- Rim brake model gets full 105 groupset and is set up tubeless out of the box
The Giant TCR has been around seemingly forever and each successive generation has impressed us. This particular bike took top honours in our 2018 Bike of the Year mega-test.
The Advanced 2 model gets a really nice carbon frame and a more-or-less full Shimano 105 groupset.
It’s a wonderfully lively ride that manages to be quite comfortable too. As a bonus, its wheels are set up tubeless out of the box.
Cannondale CAAD12 Ultegra
- Top spec rim brake version of Cannondale’s universally loved alloy racer
- Ultegra R8000 with Mavic Aksium wheels
The CAAD12’s alloy frameset is one of the best on the market and whatever the build it doesn’t disappoint.
The top spec version gets the latest Ultegra bits and Mavic Aksium wheels, plus Cannondale’s own rather tasty Hollogram Si cranks.
It’s never going to be a cosseting endurance ride, but the CAAD12 remains an outstanding choice thanks to fantastic power transfer and racy handling.
Canyon Endurace AL 7.0/8.0
- Engaging ride
- Great value for money
- Accomplished but understated
It's not the most exciting thing to look at, but the Endurace AL is one of our favourite entry-level bikes because it combines a flawless spec with outstanding ride quality.
You get a full Shimano Ultegra groupset, apart from the chain, along with Mavic's trustworthy Aksium wheelset shod in the finest Continental rubber.
Relaxed geometry means this isn't a racer, but it manages to be both lively and remarkably comfortable.
Canyon has made some changes to its line-up for 2018 and the current Endurace AL 8.0 is the direct equivalent of the old 7.0. The new bike costs £1,199 and gets Shimano's latest Ultegra R8000 groupset. If that's too rich for your blood, the 105-equipped AL 7.0 costs £999.
There's also a disc version which is one of our favourite affordable disc bikes.
Canyon Endurace WMN CF SL Disc 7.0
- Comfy, versatile endurance bike designed for women
- Two smallest sizes get 650b wheels to keep handling consistent across range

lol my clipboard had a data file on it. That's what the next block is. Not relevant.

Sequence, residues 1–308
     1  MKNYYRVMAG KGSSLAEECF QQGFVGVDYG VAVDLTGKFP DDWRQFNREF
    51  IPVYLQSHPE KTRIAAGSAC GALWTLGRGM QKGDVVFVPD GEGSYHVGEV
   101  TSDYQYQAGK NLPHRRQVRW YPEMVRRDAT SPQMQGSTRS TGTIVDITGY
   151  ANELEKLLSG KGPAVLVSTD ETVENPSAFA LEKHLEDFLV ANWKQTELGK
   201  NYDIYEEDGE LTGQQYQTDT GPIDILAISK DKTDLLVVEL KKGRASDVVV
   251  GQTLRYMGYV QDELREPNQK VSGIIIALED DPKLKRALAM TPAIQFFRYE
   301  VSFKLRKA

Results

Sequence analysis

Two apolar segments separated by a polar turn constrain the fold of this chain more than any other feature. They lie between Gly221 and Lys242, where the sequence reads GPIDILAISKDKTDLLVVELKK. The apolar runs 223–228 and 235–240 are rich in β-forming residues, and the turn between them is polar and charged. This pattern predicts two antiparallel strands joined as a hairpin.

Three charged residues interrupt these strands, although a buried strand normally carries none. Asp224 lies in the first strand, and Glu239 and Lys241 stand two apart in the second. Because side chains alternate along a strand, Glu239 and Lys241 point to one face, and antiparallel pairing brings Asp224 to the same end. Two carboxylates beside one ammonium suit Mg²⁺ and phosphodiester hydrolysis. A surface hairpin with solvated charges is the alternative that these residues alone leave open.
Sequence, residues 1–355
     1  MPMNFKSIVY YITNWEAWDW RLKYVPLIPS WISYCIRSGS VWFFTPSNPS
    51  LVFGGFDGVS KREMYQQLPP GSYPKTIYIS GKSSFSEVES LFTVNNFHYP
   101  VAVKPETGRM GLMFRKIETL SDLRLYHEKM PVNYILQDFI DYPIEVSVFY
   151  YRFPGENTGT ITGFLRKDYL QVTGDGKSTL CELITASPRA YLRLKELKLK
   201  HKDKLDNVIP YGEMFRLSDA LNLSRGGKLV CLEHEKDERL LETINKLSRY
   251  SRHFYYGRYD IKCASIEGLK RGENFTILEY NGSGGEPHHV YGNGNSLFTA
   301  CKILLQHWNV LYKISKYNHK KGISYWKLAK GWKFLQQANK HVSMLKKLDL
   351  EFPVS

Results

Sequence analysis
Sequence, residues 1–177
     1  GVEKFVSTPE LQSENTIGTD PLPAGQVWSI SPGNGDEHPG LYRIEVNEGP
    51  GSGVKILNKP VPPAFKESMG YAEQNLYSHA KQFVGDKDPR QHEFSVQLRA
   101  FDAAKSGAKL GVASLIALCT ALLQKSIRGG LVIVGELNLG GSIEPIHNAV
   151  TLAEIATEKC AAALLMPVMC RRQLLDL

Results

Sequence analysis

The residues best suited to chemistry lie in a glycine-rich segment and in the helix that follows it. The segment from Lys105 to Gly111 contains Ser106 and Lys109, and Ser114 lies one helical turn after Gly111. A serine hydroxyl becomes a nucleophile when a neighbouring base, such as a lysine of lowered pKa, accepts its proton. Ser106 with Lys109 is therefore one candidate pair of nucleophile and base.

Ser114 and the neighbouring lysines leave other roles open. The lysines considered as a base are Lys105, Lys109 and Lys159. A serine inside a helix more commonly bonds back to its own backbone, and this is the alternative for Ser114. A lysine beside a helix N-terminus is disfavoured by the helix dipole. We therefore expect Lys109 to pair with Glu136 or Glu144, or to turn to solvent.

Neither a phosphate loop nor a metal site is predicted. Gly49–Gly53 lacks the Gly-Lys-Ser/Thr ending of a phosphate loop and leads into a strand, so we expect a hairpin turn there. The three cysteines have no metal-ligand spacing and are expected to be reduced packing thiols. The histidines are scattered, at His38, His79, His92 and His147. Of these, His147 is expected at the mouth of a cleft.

Where Canyon previously offered women’s bikes that shared frames with their unisex counterparts, the latest WMN range has its own geometry, along with finishing kit that is entirely tailored to female riders.
In its two smallest sizes (XXXS and XXS) the Endurace WMN comes with smaller-than-standard 650b wheels, which are intended to keep handling consistent across the range.
The Canyon is a comfortable endurance machine with a handsome carbon frame, 105 shifting, RS505 hydraulic levers and decent DT Swiss wheels.
Looking for more women's specific road bikes? Check out our tried and tested list of 9 of the best.
Cube Attain GTC Pro
- Full Shimano 105 groupset with hydraulic brakes
- Frame design blends stiffness with comfort
- High-quality, own-brand components
The disc Attain follows the latest trends with oversized head and down tubes, a beefy bottom bracket, and slender dropped chainstays.
The Attain offers an intoxicating blend of stiffness and give on the road — it's one we really rather like.
For 2018, the Attain GTC's closest equivalent is the Attain GTC Race Disc, which throws in Ultegra R8000 derailleurs, swaps to a non-series crank, and gets Mavic wheels in place of the Fulcrums.
Cube Agree C:62 Pro
- Quirky looking carbon machine is at the racy end of ‘endurance’
- 2018 bike gets Ultegra R8000 for £100 more